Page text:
At the time of the blast, North Korea was under pressure to again resume six-way diplomatic talks concerning its nuclear program with the United States, South Korea, the People's Republic of China, Russia, and Japan. North Korea was insisting on a delay before a fourth round of talks, citing recently revealed South Korean nuclear research programs. On 14 September 2004, a British envoy said that North Korea was still committed to the talks, but on 27 September 2004, the KCNA (North Korea's state news agency) reported that resumption of the talks was out of the question until the United States made certain concessions. It is unclear what effects the explosion might have on the talks, if continued, or on the negotiations concerning resumption of the talks.

Since the initial days, there has been essentially no followup reporting in Western media.

On 28 September, North Korean Vice Foreign Minister Choi Su-heon announced at the United Nations General Assembly that it had turned plutonium from 8,000 spent fuel rods into nuclear weapons as a deterrent against the US nuclear threat. Six-nation talks on the nuclear issue, which were due to resume, were instead suspended. As of this date, analysts believed North Korea had ruled out further talks until after the United States presidential election in November 2008.

Since then North Korea has conducted multiple nuclear weapons tests and made many threats of war on South Korea. As of April 2013, it is unlikely that North Korea will resume any disarmament talks until some time in the unforeseeable future.

Cause[edit]

There has been a great deal of speculation on the nature of the incident. Hypotheses can be divided on several axes.

Things that could cause the physical phenomena observed:

If there were an explosion, the main possible causes:

  • Explosive Remnants of War. Unexploded ordnance from the Korean War become increasingly unstable as they deteriorate. The United States dropped 635,000 tons of bombs in Korea between 1950 and 1953.[2]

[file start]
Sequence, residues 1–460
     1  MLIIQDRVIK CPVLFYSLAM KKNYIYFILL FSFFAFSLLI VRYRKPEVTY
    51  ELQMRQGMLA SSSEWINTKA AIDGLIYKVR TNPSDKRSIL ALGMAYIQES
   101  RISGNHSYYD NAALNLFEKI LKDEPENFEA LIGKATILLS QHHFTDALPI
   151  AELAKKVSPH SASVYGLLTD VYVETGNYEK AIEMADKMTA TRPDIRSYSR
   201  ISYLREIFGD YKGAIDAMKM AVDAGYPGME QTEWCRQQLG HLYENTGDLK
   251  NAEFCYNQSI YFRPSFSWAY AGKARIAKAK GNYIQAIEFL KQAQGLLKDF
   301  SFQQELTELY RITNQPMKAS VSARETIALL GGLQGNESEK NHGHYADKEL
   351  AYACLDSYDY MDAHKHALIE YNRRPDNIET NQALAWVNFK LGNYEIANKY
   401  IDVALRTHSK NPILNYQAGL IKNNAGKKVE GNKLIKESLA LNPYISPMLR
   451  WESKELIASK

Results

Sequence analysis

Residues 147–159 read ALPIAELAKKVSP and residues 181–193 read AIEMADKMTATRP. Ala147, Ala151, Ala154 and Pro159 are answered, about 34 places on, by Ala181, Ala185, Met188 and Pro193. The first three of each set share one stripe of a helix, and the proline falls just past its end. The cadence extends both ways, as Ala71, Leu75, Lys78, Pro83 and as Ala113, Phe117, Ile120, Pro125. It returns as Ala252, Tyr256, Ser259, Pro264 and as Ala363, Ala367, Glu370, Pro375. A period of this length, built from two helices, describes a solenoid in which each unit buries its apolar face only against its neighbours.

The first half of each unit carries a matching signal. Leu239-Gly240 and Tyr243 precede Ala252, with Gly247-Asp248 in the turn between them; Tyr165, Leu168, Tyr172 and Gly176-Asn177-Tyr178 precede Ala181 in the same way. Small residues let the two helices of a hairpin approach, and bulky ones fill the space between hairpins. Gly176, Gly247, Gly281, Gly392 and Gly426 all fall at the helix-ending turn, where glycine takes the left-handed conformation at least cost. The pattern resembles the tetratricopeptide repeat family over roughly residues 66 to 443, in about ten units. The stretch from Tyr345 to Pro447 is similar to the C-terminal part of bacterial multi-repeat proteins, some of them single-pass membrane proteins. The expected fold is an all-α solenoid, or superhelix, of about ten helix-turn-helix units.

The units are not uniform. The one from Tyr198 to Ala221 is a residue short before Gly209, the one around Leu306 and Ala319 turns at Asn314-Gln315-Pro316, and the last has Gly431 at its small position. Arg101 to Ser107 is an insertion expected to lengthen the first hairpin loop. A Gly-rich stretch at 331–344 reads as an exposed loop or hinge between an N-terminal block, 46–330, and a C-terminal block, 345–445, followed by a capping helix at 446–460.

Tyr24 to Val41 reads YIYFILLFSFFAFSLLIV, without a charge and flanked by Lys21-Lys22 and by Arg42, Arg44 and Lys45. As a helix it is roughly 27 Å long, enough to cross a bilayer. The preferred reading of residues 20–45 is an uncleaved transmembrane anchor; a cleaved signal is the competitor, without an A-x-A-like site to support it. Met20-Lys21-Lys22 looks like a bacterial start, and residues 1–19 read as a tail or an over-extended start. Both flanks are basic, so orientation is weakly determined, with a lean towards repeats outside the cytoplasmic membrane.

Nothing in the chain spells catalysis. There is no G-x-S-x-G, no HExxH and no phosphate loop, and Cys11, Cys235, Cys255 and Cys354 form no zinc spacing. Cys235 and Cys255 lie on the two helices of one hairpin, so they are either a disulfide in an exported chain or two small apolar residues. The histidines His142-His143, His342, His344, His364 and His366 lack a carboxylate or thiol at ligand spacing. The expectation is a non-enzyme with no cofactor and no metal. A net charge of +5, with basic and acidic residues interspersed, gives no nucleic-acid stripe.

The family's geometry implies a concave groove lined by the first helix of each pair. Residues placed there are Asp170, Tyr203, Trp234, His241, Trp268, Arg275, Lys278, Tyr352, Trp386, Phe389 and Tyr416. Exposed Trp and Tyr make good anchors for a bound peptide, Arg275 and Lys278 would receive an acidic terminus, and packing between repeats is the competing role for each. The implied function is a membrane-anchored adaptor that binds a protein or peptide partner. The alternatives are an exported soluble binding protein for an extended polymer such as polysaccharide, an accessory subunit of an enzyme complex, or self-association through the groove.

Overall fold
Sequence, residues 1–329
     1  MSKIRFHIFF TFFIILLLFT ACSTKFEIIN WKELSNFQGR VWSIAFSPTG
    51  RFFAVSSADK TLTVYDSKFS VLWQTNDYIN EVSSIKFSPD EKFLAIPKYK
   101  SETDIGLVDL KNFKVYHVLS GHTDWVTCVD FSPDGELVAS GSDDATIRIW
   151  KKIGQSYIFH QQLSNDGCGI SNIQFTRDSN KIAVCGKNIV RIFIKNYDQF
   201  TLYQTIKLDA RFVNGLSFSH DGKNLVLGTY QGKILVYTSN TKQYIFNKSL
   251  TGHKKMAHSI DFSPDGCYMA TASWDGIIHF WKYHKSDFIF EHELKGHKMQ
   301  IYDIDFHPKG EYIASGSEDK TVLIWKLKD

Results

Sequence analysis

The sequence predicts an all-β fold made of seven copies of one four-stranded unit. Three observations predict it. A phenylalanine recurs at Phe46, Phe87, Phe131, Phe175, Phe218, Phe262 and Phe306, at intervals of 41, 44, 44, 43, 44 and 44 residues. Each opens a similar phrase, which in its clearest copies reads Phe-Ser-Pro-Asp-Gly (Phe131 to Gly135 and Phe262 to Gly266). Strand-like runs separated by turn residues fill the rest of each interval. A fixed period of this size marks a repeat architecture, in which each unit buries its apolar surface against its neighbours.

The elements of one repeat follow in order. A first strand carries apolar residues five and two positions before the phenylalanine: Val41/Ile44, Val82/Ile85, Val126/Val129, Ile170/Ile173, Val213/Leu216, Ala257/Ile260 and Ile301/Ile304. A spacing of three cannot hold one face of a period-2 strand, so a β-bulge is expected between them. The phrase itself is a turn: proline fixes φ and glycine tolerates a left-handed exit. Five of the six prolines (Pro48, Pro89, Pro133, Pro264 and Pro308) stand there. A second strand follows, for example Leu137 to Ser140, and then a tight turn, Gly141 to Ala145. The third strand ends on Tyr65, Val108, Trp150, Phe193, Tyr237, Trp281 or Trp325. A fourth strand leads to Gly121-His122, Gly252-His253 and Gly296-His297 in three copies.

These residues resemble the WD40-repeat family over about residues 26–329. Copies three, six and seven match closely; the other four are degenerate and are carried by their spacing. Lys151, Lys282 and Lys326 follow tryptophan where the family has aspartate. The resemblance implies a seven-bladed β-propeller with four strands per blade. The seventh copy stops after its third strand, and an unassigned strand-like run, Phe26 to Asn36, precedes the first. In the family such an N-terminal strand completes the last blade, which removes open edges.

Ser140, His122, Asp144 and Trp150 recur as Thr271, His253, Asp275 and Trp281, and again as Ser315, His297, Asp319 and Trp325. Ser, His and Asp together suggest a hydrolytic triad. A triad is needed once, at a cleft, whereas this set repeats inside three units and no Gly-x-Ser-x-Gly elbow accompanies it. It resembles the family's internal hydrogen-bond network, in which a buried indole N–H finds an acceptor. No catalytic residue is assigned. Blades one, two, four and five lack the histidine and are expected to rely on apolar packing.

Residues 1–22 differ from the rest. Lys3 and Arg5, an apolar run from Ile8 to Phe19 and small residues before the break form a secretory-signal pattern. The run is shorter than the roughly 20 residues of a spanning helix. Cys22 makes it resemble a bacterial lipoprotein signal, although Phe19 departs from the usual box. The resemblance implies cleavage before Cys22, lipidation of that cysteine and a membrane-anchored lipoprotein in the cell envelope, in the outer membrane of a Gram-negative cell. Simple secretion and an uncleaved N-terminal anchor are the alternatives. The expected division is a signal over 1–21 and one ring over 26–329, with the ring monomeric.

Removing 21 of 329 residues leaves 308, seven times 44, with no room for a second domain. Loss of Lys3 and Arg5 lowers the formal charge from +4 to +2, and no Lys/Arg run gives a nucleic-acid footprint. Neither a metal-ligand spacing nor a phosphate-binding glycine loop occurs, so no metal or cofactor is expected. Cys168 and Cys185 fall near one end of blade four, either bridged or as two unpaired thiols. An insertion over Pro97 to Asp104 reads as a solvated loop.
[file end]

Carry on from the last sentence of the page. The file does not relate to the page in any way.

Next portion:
• North Korea's official explanation of demolition for a hydroelectric project.[3]
  • A nuclear weapon test or demonstration. There had been reported recent intelligence that North Korea might have been planning its first nuclear bomb test, and the significant date lends credence to this hypothesis. However, it would be strange for North Korea to then deny it, and international officials have said that it does not appear to have been a nuclear explosion. (Later updates in intelligence suggested that the test planning may have not been what it appeared to be.)
  • A nuclear accident. Likewise, it has been denied that the explosion was nuclear.
  • A large chemical explosive blast, to calibrate for a later nuclear test.
  • Explosion of a munitions dump or of explosives in a munitions factory.

Finally, another way to divide up explosion hypotheses is by how intentional it was:

  • Intended by North Korea.
  • Accidental. North Korea's failing economy has made its industry accident-prone, as seen in the Ryongchon disaster earlier in 2004.
  • Covert operation by a foreign state.[4]
  • Military/terrorist action connected with an internal power struggle.

With this dearth of solid information, the reactions from North Korea and other states form part of the reasoning of most interesting hypotheses. There is little solid information to go on: most statements are hedged, no one has been caught unequivocally lying, and the stakes are potentially high enough for all interested states to hide the truth from the public. The only really certain conclusion that can be drawn is that those states in the know are united in not wishing to make a public diplomatic incident out of whatever has happened.

North Korea's claim to possess nuclear weapons on 10 February 2005 gives the nuclear testing or accident hypotheses some credibility. However, no neighboring nations have claimed any detection of radioactive isotopes which would be characteristic of either. On 9 October 2006, North Korea claimed to have tested its first nuclear weapon (see 2006 North Korean nuclear test for more details).

See also[edit]

References[edit]

  1. ^ South Korea: No big blast in North Korea
  2. ^ Dwight Garner (July 21, 2010). "Carpet-Bombing Falsehoods About a War That’s Little Understood". New York Times. Retrieved June 20, 2013. 
  3. ^ "Satellite Photos Should Reveal Causes of Ryanggang Explosion". The Chosun Ilbo. Oct 14, 2004. Retrieved June 20, 2013. 
  4. ^ Nate Thayer (June 20, 2013). "The odd tale of a lone Israeli spy and North Korea". NKNews.org. Retrieved June 20, 2013. 

External links[edit]

Coordinates: 41°19′47″N 127°05′02″E / 41.32972°N 127.08389°E / 41.32972; 127.08389